Al Qaeda Gathers for New Terror Onslaught

A freshly-carved hole in an underground passageway next to the US embassy on Via Veneto in Rome was one of several ominous signals that the al Qaeda terror network has resumed its terror offensive against the US and Europe.
According to debkafile ‘s intelligence sources, counter-terror authorities have been on the lookout in the last two weeks for an unknown number of terrorist squads known to be on their way to West Europe and the Middle East from bases in Iran, Yemen, Pakistan and the CentralAsianFerghanaValley. Their routes west took them through Turkey.
At the end of January, two top terror masters dropped out of sight at the same time: Imad Mughniyeh, the Iranian-Lebanese arch-terrorist who is one of bin Laden’s top operations officers, was reported to have passed through the Lebanese Beqaa Valley and disappeared; and Shamil Basayev, the Chechen operative who liaises between the rebel movement and bin Laden’s group, left Chechnya for an unknown destination.
Both have long records as organizers, planners and innovators of large-scale terror plots in the name of radical Islam. Their disappearance triggered alarums in both sides of the Atlantic.
Saturday, February 23, in Lakewood, Colorado, the FBI went on the alert after sensitive information about roads at Hoover Dam – an engineer’s identification badge and computer hard drives – was stolen from a Federal Highway Administration Office. Situated thirty miles east of Las Vegas, Hoover Dam is the largest man-made reservoir in America.
The hole found near the embassy in Rome confirmed the direst fears of the FBI and Italian police working together of an al Qaeda plot to launch a chemical attack on the city, focusing on the centrally-located US embassy.
The potential assault was apparently aborted by the arrest in Rome last Tuesday, February 19, of four Moroccan men, members of the extremist Algerian Islamic Armed Group – GIA, associated with al Qaeda. Found in their possession were 4 kilos of cyanide, 10 kilos of explosives, maps of the water, electric and gas networks around the US embassy building and 100 false identity papers.
At first, Italian officials claimed the cyanide was harmless. Later, it transpired that an explosion turning the cyanide compound into a toxic gaseous cloud would have caused many deaths – first in the US embassy, then spreading through the tunnels under the center of Rome. The Moroccan cell numbered altogether seven suspects. Three, in addition to the four arrested, were originally charged with possession of forged identity papers. When the Rome police sought to increase the charges to include association with terrorist groups, two of the three suspects were found to have flown. One was picked up in an intensive search; the second is still missing.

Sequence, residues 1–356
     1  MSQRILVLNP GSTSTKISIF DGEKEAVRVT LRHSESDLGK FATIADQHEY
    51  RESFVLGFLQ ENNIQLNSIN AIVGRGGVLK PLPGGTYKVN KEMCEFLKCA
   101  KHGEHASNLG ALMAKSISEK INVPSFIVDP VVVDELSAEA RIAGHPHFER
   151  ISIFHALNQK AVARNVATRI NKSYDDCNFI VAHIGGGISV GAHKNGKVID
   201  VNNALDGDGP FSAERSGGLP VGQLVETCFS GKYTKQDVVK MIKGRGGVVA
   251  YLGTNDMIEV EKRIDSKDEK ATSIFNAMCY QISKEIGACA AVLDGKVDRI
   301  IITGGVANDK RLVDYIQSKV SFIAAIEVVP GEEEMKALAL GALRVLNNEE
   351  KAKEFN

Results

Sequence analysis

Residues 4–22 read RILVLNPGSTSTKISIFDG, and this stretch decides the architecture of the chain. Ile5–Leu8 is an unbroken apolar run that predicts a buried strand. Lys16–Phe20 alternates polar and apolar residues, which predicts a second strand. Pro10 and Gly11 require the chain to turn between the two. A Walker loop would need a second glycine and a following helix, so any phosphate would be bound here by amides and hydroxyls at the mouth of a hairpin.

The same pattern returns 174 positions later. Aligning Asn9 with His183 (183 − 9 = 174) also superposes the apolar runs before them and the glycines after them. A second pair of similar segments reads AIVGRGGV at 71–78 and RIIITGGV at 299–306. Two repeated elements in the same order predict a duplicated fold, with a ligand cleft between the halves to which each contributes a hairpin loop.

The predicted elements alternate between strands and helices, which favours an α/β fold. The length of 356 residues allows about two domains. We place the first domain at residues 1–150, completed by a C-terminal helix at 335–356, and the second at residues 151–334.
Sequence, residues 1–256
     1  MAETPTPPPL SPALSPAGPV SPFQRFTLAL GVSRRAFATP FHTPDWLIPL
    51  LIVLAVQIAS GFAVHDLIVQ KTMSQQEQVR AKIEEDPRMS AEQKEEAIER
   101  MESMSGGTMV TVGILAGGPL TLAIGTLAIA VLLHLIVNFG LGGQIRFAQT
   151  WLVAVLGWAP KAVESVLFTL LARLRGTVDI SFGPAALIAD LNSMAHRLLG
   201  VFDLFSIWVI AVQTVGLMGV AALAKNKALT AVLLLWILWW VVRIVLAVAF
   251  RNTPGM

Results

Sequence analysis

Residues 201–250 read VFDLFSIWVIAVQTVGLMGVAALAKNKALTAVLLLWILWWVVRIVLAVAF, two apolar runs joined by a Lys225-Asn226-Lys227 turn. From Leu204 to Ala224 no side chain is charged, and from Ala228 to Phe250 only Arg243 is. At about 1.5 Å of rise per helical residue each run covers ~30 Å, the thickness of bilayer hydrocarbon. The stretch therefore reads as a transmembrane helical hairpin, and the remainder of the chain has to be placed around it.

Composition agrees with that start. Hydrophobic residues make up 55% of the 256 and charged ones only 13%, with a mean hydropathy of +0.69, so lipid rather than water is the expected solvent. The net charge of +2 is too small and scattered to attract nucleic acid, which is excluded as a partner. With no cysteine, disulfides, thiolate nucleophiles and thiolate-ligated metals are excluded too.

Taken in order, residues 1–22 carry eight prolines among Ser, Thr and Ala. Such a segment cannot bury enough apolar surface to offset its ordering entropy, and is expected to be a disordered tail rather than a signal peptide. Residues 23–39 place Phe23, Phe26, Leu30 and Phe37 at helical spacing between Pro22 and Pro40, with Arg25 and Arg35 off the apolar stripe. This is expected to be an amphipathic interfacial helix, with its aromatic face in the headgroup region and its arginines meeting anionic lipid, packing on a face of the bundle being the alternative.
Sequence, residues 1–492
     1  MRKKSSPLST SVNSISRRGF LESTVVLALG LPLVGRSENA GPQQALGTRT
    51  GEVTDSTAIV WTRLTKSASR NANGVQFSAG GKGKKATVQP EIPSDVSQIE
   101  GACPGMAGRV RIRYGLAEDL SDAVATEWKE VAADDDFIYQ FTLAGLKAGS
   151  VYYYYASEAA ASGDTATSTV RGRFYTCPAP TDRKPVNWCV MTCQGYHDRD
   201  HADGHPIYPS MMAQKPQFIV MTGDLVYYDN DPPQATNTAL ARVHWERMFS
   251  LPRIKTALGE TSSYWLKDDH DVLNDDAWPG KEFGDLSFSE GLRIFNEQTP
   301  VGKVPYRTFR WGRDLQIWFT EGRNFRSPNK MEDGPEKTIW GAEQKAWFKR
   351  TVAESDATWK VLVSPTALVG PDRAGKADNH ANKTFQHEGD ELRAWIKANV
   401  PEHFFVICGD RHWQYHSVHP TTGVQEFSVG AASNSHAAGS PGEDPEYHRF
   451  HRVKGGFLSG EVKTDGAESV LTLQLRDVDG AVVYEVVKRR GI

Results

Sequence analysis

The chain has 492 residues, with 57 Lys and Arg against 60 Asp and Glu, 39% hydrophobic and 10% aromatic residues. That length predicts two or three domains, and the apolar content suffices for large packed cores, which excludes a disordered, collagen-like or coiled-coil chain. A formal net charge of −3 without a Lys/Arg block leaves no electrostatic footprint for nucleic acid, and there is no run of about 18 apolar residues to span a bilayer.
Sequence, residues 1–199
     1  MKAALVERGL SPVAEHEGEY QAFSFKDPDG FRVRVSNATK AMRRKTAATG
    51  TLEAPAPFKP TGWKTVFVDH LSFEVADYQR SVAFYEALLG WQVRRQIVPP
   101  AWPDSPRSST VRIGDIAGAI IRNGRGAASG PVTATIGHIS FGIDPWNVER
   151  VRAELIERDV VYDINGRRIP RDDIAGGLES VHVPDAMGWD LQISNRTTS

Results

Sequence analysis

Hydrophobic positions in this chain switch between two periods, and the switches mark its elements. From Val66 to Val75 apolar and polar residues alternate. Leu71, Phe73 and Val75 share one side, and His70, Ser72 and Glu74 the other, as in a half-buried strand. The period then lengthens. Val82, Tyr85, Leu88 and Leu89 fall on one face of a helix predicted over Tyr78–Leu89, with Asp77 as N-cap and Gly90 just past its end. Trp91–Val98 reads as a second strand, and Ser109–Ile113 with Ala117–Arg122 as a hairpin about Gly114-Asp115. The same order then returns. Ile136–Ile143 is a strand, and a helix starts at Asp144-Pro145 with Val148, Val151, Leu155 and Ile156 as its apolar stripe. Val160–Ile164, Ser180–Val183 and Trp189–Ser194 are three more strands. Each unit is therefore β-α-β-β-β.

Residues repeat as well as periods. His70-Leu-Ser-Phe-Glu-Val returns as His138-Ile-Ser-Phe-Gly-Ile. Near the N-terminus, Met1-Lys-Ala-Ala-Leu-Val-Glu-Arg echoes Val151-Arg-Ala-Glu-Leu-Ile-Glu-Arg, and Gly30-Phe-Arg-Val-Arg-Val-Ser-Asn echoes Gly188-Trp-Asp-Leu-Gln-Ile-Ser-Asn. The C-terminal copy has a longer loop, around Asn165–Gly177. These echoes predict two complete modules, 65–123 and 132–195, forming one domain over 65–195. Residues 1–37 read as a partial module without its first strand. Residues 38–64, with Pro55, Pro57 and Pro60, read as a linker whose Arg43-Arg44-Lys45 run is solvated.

Italy is especially susceptible to terror strikes. Since September 11, 20 people have been arrested on suspicion of having links with Islamic terrorist groups. According to US investigators, Milan’s Islamic culture center is al Qaeda’s main logistics base in Europe. Surveillance of the four Moroccans arrested last week revealed connections to four Tunisians, fellow members of the Algerian Armed Islamic Group, which operates outside Algeria on behalf of al Qaeda. These Tunisians were sentenced in Milan Friday, February 22, to five years in jail on terror-related charges – criminal association for trafficking in arms, explosives and chemicals as well as forging identity papers.
One of the four, Essid Sami Ben Khemais, who is the suspected leader of the al Qaeda’s European network, was involved in a previous failed bombing of the US embassy in Rome in 2001.
The trial was closed to the media and public. But the Milan police released evidence of a far-flung terror conspiracy: transcripts with references to attacks in Europe, gathered as part of a joint Italian-German investigation before the September 11 attack.

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